Published: Dec. 18, 2018 By

Nikki van den Heever on Engineers Without Borders projectNicola van den Heever knew she was good at math, science and problem-solving in high school and that she wanted to help those living in low-income communities but was unsure what a career with those aspects would look like.

She found the answer in the Civil, Environmental and Architectural Engineering Department and the Engineering for Developing Communities program at CU Boulder.

“One of the primary reasons I came to CU was for the engineering focus in terms of helping people. I have been able to work with, and for, some phenomenal institutions and organizations in my time here and have gotten a wide range of experiences,” she said. “I was really given an open world here and a chance to go out and pursue the things I am passionate about, and for that, I am grateful.”

Van den Heever is graduating with a bachelor’s in civil engineering and a master’s in civil systems engineering with certificate in engineering for developing communities. She was a Boettcher Scholar through all her years, maintaining a 3.8 GPA during her undergraduate work and a 3.9 GPA during her graduate coursework.

She also took second place in the senior design project and wrote one of the top five undergraduate theses in her class. Outside engineering, she completed a minor in leadership through the Presidents Leadership Class, where she had her own leadership role as staff coordinator.

Her lasting impact at the college though comes from her deep involvement and commitment to the Engineers Without Borders CU Boulder chapter. She served as an officer, a program manager for the Rwanda project and finally as chapter president. During that time, she helped implement sweeping changes to stabilize and grow the program.

She said the EWB program was one of the main reasons she came to the university and one of her first stops as a freshman upon arrival, calling it an “automatic fit” because of her parents’ past of living in South Africa and the time she has spent in neighboring countries. Her first trip with the program to Rwanda as a program manager investigating rainwater catchment systems was a formative experience.

Nikki van den Heever on Engineers Without Borders project in Rwanda“I learned a lot, not only in terms of engineering, but from interacting with communities, translators and leaders throughout the project to see how we could improve those systems and how they were actually being used. That helped me become an engineer that is focused on people,” she said.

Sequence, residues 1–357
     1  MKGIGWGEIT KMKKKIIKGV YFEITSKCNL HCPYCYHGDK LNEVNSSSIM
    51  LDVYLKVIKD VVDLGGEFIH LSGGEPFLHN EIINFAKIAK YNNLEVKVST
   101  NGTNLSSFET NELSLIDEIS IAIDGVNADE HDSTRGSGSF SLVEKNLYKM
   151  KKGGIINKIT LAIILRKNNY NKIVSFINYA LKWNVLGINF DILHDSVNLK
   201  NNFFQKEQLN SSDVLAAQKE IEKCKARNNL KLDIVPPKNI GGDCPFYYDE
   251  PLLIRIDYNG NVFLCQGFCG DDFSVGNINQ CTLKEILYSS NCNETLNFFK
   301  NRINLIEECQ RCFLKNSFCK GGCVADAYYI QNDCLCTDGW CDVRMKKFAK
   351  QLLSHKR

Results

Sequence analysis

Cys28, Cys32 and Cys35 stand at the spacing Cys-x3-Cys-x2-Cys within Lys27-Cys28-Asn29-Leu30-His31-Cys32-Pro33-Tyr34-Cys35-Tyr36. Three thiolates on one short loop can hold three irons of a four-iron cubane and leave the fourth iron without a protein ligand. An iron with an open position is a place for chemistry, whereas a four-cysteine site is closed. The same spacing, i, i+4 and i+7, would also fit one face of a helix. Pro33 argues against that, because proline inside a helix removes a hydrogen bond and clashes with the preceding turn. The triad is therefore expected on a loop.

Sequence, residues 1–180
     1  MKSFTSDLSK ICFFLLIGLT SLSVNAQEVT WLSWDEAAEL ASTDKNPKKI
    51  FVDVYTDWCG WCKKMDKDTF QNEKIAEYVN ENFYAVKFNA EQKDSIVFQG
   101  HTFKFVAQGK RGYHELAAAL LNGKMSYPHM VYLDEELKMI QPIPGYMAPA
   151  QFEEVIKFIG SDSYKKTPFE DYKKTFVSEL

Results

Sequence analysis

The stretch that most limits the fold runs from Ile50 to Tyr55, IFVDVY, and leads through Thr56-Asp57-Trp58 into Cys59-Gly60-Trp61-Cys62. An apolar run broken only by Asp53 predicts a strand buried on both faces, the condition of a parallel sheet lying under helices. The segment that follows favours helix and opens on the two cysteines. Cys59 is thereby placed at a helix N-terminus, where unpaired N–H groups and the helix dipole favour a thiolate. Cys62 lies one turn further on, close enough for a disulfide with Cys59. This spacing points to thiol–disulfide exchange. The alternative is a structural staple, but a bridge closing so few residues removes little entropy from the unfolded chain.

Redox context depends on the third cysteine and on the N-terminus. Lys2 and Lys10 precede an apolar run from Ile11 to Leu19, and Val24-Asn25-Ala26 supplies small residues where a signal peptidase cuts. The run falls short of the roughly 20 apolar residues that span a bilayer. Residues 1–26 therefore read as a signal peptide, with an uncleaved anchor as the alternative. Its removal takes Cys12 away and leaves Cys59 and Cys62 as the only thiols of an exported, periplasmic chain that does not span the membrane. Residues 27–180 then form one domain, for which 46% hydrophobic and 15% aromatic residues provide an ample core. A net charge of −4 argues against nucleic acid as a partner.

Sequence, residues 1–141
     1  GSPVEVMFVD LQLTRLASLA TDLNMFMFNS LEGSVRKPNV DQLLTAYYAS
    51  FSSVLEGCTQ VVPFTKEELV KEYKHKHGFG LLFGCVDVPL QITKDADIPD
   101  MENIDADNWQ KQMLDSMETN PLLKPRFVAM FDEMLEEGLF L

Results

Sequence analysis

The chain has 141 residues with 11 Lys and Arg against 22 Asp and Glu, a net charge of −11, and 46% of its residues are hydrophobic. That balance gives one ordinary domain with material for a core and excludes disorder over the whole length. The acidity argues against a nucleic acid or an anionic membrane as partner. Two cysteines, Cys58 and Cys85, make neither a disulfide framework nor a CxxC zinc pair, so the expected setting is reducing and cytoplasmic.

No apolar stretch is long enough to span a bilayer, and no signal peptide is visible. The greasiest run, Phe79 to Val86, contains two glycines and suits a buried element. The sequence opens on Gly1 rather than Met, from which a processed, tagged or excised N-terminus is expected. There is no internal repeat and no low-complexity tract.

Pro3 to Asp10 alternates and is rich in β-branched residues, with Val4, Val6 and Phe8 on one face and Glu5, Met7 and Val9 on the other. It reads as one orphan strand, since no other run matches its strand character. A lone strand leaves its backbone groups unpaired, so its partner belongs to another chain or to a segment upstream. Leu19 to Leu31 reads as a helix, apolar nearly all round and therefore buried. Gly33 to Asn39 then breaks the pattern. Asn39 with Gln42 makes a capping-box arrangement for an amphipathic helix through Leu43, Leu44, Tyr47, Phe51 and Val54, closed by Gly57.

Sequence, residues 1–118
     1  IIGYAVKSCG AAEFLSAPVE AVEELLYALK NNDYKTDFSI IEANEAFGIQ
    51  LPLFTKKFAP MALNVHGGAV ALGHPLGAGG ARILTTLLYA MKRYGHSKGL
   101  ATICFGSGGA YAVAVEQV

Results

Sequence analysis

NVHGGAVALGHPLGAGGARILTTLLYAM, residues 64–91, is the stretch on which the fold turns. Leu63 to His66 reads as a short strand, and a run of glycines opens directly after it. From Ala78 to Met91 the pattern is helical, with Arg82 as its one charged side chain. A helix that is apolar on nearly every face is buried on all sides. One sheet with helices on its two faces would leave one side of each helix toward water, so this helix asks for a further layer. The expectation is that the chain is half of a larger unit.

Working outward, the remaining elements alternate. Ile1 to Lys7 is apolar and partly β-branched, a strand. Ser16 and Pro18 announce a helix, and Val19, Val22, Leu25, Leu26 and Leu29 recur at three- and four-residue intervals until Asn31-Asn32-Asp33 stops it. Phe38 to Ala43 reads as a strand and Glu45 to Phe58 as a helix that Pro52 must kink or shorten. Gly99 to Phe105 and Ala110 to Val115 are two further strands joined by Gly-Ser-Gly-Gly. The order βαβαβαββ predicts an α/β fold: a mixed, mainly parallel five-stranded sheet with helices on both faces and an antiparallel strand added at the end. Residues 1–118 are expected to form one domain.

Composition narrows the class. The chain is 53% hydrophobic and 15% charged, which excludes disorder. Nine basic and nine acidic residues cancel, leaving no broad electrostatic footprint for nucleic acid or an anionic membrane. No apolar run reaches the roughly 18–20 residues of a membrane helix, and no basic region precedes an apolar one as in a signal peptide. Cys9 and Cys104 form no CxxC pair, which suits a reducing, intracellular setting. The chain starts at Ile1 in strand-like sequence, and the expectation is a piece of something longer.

Professor Paul Chinowsky has worked with van den Heever since she got to campus and had high praise for her.

“She has continuously showed the dedication, focus and curiosity that make a great student, and that will enable her to make the changes in the world that she is so passionate about,” he said.

Professor Ross Corotis agreed.

“Nikki is the most exceptional undergraduate I have encountered in my several decades in teaching. In addition to being one of the top academically, she is dedicated completely to the benefit and welfare of those in our society that are less fortunate. She is respectful and considerate of everyone and displays true grace,” he said.

Van den Heever is planning on pursuing a PhD and is interested in policy-making as she goes forward in the field. That is due, in part, to a recent job with the World Bank, which she will continue next semester. She said her time there has shown her how policy can result in big changes on the ground, even if it is frustrating and slow at times.

“That is where a lot of framework needs to be put in place,” she said. “Engineers have done a really good job of being on the ground, but the institutional framework is where the next steps will come, and that is where my skill set is.”

Nikki van den Heever on Engineers Without Borders project in RwandaShe said she loved the faculty in the College of Engineering and Applied Science and was appreciative of their time and belief in her. She said she was also grateful for everyone else who helped her take advantage of all the opportunities she has enjoyed here.

“I want to express the gratitude I have for all of the people around me that have made this possible,from my family and friends to faculty, staff and counselors. Whether that be for late-night coffee runs or thought-sharing and professional guidance,” she said. “It’s easy to forget that when you achieve something, it’s not just you all alone. A huge part is the people around you.”